The Cold Steel O-Katana with its massive 38" blade and 13" handle is a beast of a blade - that there is no doubt..
It also has a reputation for - how shall I put it, being rather difficult to handle effectively, making it hard to really make best use of all that steel.
True enough, it is not at all impossible - though as Cold Steel plainly state in their graphic "Proof" video series, "it is an ideal sword for those with the physical stature and strength to wield it"
So the question we need to ask is, just how big is the Cold Steel O-Katana, and just what does it take to use the thing? Read on and find out!
Review by SBG member "KuroKami", USA
This is my first Cold Steel blade. After watching the many demos and videos of their swords in action I myself was impressed at their toughness and their “Mean” Feel. So after my trip to Arizona and back to my favorite Sword Shop in Sierra Vista, Arizona, I got this through a trade. And I must say I am impressed indeed. I mean it’s a Cold Steel O-katana for Zues’s sake! I haven’t seen many who have used this sword myself, and there doesn’t seem to be many who do…
Er… Heh-hem… I mean, this blade does have the shape of a Japanese blade; it has all the furniture of a Japanese blade also. Aside from that, it isn’t really a “Normal” O-katana. The Blade itself, while being tough and resilient, is much too wide and thick, making this sword very heavy, almost too heavy for actual swordsmanship. It also lacks a Hamon, classic to Nihonto.
Other than that, it has all the bells and whistles of a Japanese sword: Tsuka, tsuba, and saya.
My first impressions while holding this blade was the hefty weight and it’s longer than average length. It had this commanding feeling to it. But honestly with its length it’s more closer to a Nodachi to me (personal opinion). I was also attracted to the Koshirae. Arrow themed Mokko Tsuba, menuki, Fuchigashira, and Kojiri.
The Cold Steel O-Katana has some very nice, sturdy Koshirae. It’s all Iron, except the Menuki. Arrow themed Mokko Tsuba, fuchigashira, and Kojiri; brass Seppa, Habaki, and Arrow Menuki. All very well done, very well fitted to this blade. The Fuchi does have some shifting to it but I do believe that is caused by the Arizona heat shrinking the Tsuka.
The blade is well shaped and no flaws at all, made with 1055 Steel and has a satin polish.
The Kissaki has the typical “Economical” finish of most production Katana.
It’s a Shinogi-Zukuri (the most typical shape of Japanese sword geometry) with an O-Kissaki (long style tip).
The Bo-Hi (fuller) is also very well made: deep and even. Makes an excellent Tachi-kaze (sword wind sound), it’s loud!
I am very impressed with the tsuka, but as I have said before the Tsuka seemed to have shrunk a little, the fuchi shifts somewhat, and the Samegawa (rayskin) on the Ura (back) side has also shrunk, causing it to expose the Tsuka core and climb over the mekugi pegs.
But because of the region’s weather I am not holding it against the manufacturer
Other then this small issue, the tsuka is well fitted to the nakago, the Cotton Ito is very tight (tightest I have had on any of my swords) and it’s comfortable to hold in the hand, not too big or too small.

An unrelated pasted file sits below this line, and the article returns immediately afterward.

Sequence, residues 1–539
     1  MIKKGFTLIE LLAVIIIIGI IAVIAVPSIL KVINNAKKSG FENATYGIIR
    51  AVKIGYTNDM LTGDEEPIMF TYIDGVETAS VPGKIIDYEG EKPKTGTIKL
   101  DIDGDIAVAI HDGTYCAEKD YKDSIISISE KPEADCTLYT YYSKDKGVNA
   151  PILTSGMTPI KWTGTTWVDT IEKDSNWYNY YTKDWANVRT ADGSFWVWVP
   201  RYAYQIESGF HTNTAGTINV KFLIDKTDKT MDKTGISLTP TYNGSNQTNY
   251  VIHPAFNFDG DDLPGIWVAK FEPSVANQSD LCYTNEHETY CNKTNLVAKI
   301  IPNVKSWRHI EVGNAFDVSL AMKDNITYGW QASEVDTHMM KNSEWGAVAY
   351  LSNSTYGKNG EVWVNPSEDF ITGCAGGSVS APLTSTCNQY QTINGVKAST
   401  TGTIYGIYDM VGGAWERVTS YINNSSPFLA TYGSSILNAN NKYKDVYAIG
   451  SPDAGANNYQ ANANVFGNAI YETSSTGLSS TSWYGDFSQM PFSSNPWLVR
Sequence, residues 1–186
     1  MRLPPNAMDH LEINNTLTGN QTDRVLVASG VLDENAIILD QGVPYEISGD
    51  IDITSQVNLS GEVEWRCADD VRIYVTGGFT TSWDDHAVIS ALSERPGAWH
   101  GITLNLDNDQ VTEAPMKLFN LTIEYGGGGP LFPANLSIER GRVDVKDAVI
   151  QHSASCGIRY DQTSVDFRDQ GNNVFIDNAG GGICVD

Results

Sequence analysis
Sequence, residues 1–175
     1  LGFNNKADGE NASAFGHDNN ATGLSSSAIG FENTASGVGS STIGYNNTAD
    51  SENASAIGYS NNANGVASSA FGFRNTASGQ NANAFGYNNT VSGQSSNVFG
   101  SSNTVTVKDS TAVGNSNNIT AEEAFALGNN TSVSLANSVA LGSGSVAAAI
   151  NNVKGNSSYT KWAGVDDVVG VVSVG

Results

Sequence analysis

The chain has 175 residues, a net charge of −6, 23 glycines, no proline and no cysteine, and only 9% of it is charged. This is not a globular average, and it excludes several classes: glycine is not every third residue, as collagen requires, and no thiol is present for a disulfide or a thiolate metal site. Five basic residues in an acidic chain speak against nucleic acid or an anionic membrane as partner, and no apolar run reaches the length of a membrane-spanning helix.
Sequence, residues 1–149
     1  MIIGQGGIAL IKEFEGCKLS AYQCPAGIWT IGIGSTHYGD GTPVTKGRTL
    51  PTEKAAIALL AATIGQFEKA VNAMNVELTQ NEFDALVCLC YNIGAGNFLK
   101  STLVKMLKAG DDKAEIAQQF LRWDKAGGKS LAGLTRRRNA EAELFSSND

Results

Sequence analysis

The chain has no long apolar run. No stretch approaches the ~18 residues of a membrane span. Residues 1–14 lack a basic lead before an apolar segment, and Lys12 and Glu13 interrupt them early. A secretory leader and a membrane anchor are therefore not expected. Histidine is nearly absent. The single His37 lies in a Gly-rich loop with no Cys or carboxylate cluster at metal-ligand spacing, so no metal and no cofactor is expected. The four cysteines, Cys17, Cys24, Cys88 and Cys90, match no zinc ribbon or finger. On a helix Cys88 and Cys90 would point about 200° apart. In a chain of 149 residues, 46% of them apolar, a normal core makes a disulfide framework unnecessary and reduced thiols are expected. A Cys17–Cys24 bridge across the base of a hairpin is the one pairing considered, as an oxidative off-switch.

Iron Arrow themed Mokko tsuba, some user’s rust on it but it can be cleaned very easy. I love the shape and the design. Very attractive and functional.
The Saya is well done, the Lacquer job hold up nice to some bumps and scraps. The koiguchi fit is loose, but that’s from normal wear and tear. The Sageo is nice, nicely tied and well presented. The best part? The Iron Kojiri, also Arrow themed.
If it wasn’t for the fact I lift many, many, many water soaked Top soils, garden and potting soil bags, pushing large John Deere lawn tractors, lifting many other assorted large and heavy objects all day, I don’t think I would have the strength to use the sword properly. It is heavy, much too heavy for regular Tameshigiri. But it isn’t unweildable. I am not an expert in Kage-Ryu nor any Nodachi techniques, but when used right it feels great.
Water Bottles cringe in fear of my mighty blade, as they pose no resistance to my sword’s keen edge and unstoppable force…! As expected it cuts with no issues, but honestly because of their demo videos want me to test it out on something much more challenging. The problem is doing it safely. I’ll leave that for a later time.
I am very impressed with the Cold Steel O-Katana, its finish, functionality, raw power and downright scary toughness makes this a good choice for anyone looking for a great beater sword. Not only will this blade last a very long time, it has a simple beauty in the Koshirae. It’s meant for lots and lots of cutting. This sword means business.
The only issues I found were the weight, it’s hard to handle correctly, and might keep some from getting this sword.
I would recommend this sword to anybody who is looking for a Tough Beater of an O-katana. I am not quite sure if I will keep mine, I do like it but the handling keeps me from regular cutting so I might just sell it.
Thanks for reading.
I hope this review of the Cold Steel O-Katana has been helpful. To return to a Beginners Guide to Authentic Japanese Swords from, Cold Steel O-Katana Review click here